Spiders · Urban Ecology · Biodiversity

More cool crab spiders

It’s been a little quiet on my blog scene for the last few weeks. It’s field work season (yay!) so I’m spending my time out searching for my golden orb weavers and writing up a paper (stay tuned!).Even though I’m not currently sorting my samples, I wanted to share some more cool little spiders I found a few weeks ago.

I have posted about crab spiders before (don’t you think it looks like a Persian rug?) and they are quickly becoming my 3rd favorite family/group of spiders (1st has to be my study species, Nephila and 2nd goes to jumping spiders).

So here are a few more crab spiders which have really amazed me.

First, a tiny little spider from the genus Bominae (that is the head of a pin!)

Now for a closer look, see how the abdomen is like a concertina? I’m guessing this is so that the abdomen can expand when the spider is gravid. I’ve never seen it in larger spiders so maybe it’s a consequence of being very small?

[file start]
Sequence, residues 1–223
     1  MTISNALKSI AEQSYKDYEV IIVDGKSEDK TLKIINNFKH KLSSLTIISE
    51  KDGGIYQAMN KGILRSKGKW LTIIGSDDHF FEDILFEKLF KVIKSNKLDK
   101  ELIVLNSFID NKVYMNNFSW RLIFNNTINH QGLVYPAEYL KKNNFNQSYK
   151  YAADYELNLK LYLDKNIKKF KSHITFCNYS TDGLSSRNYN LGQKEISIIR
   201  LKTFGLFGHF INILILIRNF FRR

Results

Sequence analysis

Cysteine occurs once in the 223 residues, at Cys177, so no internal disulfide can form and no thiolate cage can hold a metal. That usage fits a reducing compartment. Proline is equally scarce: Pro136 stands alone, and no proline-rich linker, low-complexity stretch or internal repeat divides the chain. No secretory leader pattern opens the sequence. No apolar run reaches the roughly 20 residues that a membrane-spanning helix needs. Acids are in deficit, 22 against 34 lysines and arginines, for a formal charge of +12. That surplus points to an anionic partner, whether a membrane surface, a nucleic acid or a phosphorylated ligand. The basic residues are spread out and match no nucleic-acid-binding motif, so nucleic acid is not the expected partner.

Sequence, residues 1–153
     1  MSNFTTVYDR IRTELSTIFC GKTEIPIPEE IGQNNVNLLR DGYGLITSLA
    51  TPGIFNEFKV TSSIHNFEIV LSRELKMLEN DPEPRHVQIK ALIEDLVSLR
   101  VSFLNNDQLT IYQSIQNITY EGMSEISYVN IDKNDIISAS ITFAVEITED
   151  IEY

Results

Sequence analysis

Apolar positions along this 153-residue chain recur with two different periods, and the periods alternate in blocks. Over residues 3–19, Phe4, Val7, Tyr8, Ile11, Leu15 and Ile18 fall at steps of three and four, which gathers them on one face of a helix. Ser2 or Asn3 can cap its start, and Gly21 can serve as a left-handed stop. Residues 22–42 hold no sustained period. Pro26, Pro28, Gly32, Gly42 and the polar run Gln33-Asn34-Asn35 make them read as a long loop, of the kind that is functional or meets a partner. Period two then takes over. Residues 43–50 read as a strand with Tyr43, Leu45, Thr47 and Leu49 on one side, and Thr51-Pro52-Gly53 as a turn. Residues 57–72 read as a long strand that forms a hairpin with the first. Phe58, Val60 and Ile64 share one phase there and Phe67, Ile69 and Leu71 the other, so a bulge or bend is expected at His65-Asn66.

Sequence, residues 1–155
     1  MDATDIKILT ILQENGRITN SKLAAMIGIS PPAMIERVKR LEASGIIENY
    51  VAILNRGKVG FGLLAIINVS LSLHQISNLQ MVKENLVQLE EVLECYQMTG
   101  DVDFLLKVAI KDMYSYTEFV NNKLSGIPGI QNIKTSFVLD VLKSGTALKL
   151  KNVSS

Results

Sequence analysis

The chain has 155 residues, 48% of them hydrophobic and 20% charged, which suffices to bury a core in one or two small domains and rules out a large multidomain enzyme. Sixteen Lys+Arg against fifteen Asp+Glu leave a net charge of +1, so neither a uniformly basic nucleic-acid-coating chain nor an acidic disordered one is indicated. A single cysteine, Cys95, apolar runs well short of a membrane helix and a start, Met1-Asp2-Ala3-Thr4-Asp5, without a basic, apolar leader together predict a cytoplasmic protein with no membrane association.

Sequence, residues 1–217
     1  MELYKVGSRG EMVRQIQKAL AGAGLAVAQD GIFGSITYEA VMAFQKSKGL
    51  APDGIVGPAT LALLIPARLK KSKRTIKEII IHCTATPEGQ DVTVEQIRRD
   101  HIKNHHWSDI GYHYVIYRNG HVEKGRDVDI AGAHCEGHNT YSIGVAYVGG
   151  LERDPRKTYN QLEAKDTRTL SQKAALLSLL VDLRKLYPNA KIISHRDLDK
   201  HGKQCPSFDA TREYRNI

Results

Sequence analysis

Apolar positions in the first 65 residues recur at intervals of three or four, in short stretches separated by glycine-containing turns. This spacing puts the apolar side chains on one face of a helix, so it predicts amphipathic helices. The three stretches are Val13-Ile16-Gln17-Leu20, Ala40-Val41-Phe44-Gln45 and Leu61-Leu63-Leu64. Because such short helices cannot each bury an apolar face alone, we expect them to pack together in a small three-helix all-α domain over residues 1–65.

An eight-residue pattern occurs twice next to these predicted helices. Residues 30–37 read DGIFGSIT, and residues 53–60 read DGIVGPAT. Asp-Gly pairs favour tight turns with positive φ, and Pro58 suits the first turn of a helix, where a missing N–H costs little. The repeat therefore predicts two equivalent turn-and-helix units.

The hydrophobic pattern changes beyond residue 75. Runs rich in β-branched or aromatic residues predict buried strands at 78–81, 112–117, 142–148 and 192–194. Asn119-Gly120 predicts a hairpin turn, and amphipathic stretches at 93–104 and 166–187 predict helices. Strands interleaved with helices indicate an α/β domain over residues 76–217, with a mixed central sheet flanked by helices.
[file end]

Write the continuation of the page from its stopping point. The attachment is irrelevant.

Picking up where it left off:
See some much better photos here.

And just quickly, two other species that caught my eye from the Genus Sidymella.

The long arms on these species are used to catch prey as they sit out on the end of leaves or branches. I don’t know what the protrusions on the first species abdomen are for, but the second was very cleverly disguising itself as a twig when I found it.

Sometimes I feel a little bad collecting them when they have tried so hard to remain unseen, but it also makes me wonder about all the camouflaged spiders out there that I’m not finding!

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